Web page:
It’s Ash Wednesday and that means Lent has begun. Do you observe Lent? I have all my life and, even though our new church is contemporary and non-liturgical, my family still celebrates those hallowed days before the glorious morning of Easter. Those 40 days of reflection and preparation just makes Easter that much more meaningful and joyful!
I grew up in a very traditional church setting. I was baptized Episcopalian but spent most of my growing-up years Catholic. I attended Catholic schools and during Lent I went to mass every morning before class. I also gave something up. That’s just what you did. And you didn’t eat meat on Fridays. I usually gave up something like Coke, sweet tea, french fries, or chocolate. On Friday afternoons, we would go to Stations of the Cross and eat fish for dinner. This continued through college.
I have fond memories of those times and certainly respect tradition, but my spiritual life has changed in regards to Lent. As I got older, and my faith matured, my Lenten practices evolved. I realized that many times I gave something up, only to think about how much I wanted it, or felt sorry for myself. I wasn’t thinking about it as fasting or a form of penance.
I learned about the idea of “adding” instead of “giving up”. So, rather than giving up a certain food or activity for 40 days, I would take something on – something that would make me better, either physically, emotionally or spiritually.
I actually like the balance of doing both of these things – adding and subtracting.
When Ash Wednesday comes around, I try to have a plan in place for the weeks before Easter. I have done all kinds of things including prayer, fasting, and scripture reading. I love this post that includes some words from Joe about Lent and an idea he shared of expansion versus contraction. Good read, I promise!
If you run a Google search for what to do during Lent, you will find all kinds of things, like eating healthier, curbing your spending, and exercising more.Those are all good things but, to me, those are mini New Year’s resolutions. And this works for a lot of people: they know they should eat less fast food for example, so they do it during Lent rather than the whole year…or for good. That’s not bad! Doing anything positive for the sake of Lent at all is a good thing! But, the best thing about those kinds of Lent sacrifices is that they may extend beyond Easter.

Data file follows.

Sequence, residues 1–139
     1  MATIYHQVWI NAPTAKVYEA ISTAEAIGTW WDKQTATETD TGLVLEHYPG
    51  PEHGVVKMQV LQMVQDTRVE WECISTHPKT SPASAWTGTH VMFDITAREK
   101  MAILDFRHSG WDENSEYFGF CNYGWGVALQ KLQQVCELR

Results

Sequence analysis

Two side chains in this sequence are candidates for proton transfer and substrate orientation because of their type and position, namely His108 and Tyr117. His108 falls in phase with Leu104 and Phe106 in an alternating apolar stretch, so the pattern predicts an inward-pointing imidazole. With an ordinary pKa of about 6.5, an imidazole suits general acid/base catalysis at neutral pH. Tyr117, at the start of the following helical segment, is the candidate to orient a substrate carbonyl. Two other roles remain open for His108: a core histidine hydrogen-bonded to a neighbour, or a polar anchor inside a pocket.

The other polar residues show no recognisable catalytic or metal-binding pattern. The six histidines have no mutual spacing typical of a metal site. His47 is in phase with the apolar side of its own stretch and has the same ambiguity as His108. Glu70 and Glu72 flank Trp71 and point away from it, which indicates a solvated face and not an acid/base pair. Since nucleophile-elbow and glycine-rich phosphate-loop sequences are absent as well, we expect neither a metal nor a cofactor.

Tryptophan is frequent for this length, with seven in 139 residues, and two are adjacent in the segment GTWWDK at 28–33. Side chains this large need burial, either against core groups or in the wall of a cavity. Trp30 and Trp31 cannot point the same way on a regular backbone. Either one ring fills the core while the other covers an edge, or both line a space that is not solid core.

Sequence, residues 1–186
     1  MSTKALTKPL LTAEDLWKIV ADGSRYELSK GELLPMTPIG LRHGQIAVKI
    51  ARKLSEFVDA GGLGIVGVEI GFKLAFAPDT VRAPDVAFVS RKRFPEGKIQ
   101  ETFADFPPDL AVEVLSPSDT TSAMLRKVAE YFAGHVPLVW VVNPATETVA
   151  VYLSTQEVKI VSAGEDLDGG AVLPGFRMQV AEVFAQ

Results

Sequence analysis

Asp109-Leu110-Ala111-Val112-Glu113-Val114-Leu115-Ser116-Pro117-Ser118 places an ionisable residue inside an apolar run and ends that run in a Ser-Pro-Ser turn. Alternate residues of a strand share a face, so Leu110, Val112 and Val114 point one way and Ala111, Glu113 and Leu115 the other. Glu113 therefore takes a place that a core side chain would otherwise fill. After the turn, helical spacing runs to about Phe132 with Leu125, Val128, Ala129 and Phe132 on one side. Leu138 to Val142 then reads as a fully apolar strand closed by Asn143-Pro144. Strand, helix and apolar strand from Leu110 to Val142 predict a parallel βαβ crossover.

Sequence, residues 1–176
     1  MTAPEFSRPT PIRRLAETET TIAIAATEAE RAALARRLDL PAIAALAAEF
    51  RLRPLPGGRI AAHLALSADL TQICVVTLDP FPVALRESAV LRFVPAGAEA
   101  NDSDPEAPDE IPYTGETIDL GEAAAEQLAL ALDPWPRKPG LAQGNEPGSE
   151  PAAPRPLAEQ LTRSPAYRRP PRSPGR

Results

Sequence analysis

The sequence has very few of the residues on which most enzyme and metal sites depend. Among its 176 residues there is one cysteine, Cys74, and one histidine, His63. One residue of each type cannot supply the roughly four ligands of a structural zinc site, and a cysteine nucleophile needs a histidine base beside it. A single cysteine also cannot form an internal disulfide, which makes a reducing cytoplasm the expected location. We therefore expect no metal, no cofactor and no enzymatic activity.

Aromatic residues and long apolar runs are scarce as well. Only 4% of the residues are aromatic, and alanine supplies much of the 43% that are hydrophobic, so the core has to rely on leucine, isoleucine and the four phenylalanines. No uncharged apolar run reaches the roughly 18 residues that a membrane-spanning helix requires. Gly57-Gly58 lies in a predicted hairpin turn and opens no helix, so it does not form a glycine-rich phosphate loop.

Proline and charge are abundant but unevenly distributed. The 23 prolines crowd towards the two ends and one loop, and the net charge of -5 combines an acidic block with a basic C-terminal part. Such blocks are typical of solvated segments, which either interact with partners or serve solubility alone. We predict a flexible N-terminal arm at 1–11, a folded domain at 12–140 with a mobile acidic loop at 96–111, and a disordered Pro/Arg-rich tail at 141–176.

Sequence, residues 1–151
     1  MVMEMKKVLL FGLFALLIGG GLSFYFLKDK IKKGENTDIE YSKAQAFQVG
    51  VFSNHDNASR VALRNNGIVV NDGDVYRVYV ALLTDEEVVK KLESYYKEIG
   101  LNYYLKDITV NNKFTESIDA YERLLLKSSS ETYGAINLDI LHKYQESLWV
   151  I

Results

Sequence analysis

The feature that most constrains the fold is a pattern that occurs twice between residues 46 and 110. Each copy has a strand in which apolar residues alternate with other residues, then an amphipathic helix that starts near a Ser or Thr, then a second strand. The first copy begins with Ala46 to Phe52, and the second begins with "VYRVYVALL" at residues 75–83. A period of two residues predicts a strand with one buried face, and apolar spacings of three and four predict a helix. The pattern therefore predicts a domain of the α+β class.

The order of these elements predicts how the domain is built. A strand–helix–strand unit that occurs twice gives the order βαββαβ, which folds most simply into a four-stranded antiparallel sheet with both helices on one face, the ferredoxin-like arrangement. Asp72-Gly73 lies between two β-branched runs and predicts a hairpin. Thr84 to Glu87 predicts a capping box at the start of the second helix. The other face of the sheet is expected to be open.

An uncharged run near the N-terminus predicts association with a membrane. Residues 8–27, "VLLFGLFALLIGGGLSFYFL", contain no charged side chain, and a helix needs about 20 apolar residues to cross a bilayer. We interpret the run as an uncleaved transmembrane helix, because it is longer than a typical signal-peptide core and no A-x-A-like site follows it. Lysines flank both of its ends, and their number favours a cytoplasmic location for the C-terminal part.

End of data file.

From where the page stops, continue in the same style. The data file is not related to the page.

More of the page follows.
So, since you might be looking for other ideas, I thought I would post and share a few with you. Maybe you will find something you would like to try…
#1 – Commit to reading the BIBLE
Last year, I committed to reading the Bible for one hour every day. Check out the post right here! It was a challenge – more so than I thought it would be.
Most days fared well. I especially loved the hours I spent outside, in the backyard, meditating on the Word. But sometimes I found that the hour I planned to spend reading the Bible got spent doing other things, to-do list type things, instead. I had to fight for that hour. The devil was working against me!
Spending a designated amount of time in scripture is an excellent thing to do during Lent. I found that not only did I learn a whole lot (about God and about me), but my days were just better. As I said in the post,
I am thankful for this time of learning and growing in my faith. Challenging myself now to continue this practice year-round.
And it worked! There is also a good chance that reading the Bible will become part of your daily life…and, well, that’s just profoundly beneficial.
Idea #2 – Clear the CLUTTER
Several years ago, I spent the month of January decluttering the house. I filled up a plastic grocery bag each day. A bunch of things went in the trash and a bunch of things were donated. The process cleaned up the house quite a bit and clearing the clutter just gave me a more peaceful feeling overall.